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tempest Review size

What shall we do with the drunken sailor? Well I could fire him, but that might reduce my crews’ efficiency and if I do that I might not be able to fight off the furious tentacles of the legendary Kraken. First things first, hopefully, this port I’ve just docked at has the ammunition I desperately need to make it to the next archipelago where a potential new recruit awaits with vital information for my next mission.

This is the life of pillaging and skulduggery that Tempest offers: sail the seas, choose your allegiances, keep your crew alive, supplies up and above all keep your boat afloat. At first glance you’d be forgiven thinking Tempest is a cute nugget of boating action. It comes in at a paltry 80mb to download, in an age where we are accustomed to downloading a 20-gig-plus game on Steam then wandering off to do the hoovering or watch another episode of Making a Murderer, Tempest was good to go in the blink of an eye. And that’s not the only surprise, for such a wee game it looks pretty and sounds great. A brief word of warning at this point, Tempest has clearly been designed to work both as a regular PC game and a mobile game. Various aspects of the control scheme support touch controls, so navigating the menus can initially feel a bit unintuitive. Unlike some PC-mobile conversions, however, Tempest implants both control inputs thoughtfully and they rarely get in the way of the core game.


Finding yourself with a basic boat and rookie crew, you start on the fog-shrouded world map. As you explore you uncover ports and landmarks that offer missions or opportunities to upgrade ships, buy and sell goods, or hire crew.  In a rather neat mechanic (which, by the way will be dope on a touch screen), you must ‘draw’ your route on the map. As you travel, you’ll encounter pirates and other factions randomly but frequently. Each battle is played out on a random 3D map and you can choose to auto fight if you’re feeling lucky or decline to engage in combat if you have that sinking feeling. You can occasionally choose to take a side in a larger battle, this is good way earn loyalty with particular factions and can ease the challenge of fighting multiple enemies at once. Battles can get tricky, particularly when fighting multiple enemies alone and I spent a fair amount of time crashing into the various islands dotted about because rather than looking where I was going, I was aiming my cannons at the bad guys.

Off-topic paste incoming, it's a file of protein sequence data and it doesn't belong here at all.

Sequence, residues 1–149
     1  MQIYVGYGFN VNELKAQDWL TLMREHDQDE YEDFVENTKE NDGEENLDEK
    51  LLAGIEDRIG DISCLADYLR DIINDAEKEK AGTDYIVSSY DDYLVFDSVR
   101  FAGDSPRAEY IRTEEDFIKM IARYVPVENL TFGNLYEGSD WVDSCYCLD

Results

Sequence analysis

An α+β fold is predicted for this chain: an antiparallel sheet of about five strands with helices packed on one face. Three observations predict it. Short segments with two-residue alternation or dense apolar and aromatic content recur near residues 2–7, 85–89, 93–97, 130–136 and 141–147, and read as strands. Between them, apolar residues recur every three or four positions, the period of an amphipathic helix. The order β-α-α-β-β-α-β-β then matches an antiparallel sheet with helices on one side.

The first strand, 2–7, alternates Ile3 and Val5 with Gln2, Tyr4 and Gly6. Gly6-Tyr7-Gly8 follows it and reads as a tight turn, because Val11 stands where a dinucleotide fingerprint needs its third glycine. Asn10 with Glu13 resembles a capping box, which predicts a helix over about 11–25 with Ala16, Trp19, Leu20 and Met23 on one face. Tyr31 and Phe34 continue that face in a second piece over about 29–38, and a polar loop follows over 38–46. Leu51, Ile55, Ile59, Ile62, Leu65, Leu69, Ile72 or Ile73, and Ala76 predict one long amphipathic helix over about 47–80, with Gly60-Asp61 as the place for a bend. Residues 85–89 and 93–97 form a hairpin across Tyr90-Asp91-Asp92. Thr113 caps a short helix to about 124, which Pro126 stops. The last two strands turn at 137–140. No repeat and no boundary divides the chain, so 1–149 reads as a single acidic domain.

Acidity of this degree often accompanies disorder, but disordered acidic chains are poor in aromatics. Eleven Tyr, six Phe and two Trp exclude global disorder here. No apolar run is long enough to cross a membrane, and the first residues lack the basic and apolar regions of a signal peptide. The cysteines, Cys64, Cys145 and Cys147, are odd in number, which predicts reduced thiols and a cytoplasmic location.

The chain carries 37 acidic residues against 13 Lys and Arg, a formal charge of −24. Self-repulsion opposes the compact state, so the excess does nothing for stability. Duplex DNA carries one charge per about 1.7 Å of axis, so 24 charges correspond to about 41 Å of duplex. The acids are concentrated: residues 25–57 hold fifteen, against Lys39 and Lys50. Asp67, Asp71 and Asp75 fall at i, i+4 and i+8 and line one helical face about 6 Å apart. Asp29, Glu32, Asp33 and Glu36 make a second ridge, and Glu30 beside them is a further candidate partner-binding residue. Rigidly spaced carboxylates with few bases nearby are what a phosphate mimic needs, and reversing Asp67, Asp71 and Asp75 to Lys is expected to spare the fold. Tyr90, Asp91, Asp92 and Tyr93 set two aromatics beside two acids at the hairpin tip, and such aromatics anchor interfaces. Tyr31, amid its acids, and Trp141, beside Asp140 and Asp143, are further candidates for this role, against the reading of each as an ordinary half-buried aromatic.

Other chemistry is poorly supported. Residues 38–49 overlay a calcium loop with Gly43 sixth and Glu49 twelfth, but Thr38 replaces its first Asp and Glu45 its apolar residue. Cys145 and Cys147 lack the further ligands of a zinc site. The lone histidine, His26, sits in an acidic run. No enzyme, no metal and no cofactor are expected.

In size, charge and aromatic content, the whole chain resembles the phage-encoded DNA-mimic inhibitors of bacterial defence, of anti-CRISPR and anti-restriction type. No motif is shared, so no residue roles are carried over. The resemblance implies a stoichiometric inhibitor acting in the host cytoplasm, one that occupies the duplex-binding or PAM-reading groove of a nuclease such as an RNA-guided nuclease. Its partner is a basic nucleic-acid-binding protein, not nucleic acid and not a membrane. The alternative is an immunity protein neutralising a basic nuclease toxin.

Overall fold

The combat is the real star of the show; ships buck and creak through the surf angling for the perfect shot. Movement translates really well, ships feel heavy and lumbering, while you fight the currents and wind to keep the accuracy of your cannons at their most optimum. You might be familiar with the combat of a certain Assassins Creed-Pirate edition game that made some waves in its release a few years ago. Basically, the same principal exists here: catch your target on your broadside, unleashing a devastating volley of canon fire to reduce their hull to splinters. You can buy a number of upgrades for your ship, providing incrementally improved equipment. Disappointingly, you don’t start with the ability to perform boarding actions, they only become available when you buy and equip guns for your crew. You can also purchase other weapons like mortars and longer range guns to open up more options for sinking pirates.


Acquiring those upgrades is perhaps one of the biggest challenges, as money is hard to come by. Your main priorities will be keeping your ship stocked with the necessities to keep gameplay engaging, like an endless supply of cannonballs because you’ll burn through them rapidly, medicine for your crew, because they’ll likely get injured in every battle, and spare money for repairs because you’ll need to repair after every battle too. And everything is rather expensive, so some balance tweaks here and there would make that cycle a little more forgiving. It is possible to find yourself with no money and no ammunition and without ammunition you can’t earn money and without money, you can’t buy ammunition.

Tempest is in early access, so not all the promised features are present in this build. The current tutorial consists of a few text boxes explaining the controls and concepts but when and where they appear is not always consistent. It’s not always immediately obvious, for example, which buttons to press to fix your damaged ship, or how to re-stock your cache of cannonballs. But the game is simple enough that after a bit of experimentation you’ll have most of the basics covered.

According to the developer, a big content patch is just around the corner, so by the time you read this there’ll be more to explore, more ships, more upgrades, plus it’s likely some of the features already implemented will be improved. As it stands Tempest is a neat little ship-em-up, it’s stable and fun to play and that is a rare thing in early access games. Let’s face it the only reason you’re reading this is because you want to play pirates, and Tempest will surely scratch that itch. With a few balance tweaks, it could become one of those hidden gems on Steam that always puts a smile on your face.



Great ship combat

Plenty of content for such a small game



It’s not finished yet

A few balance issues

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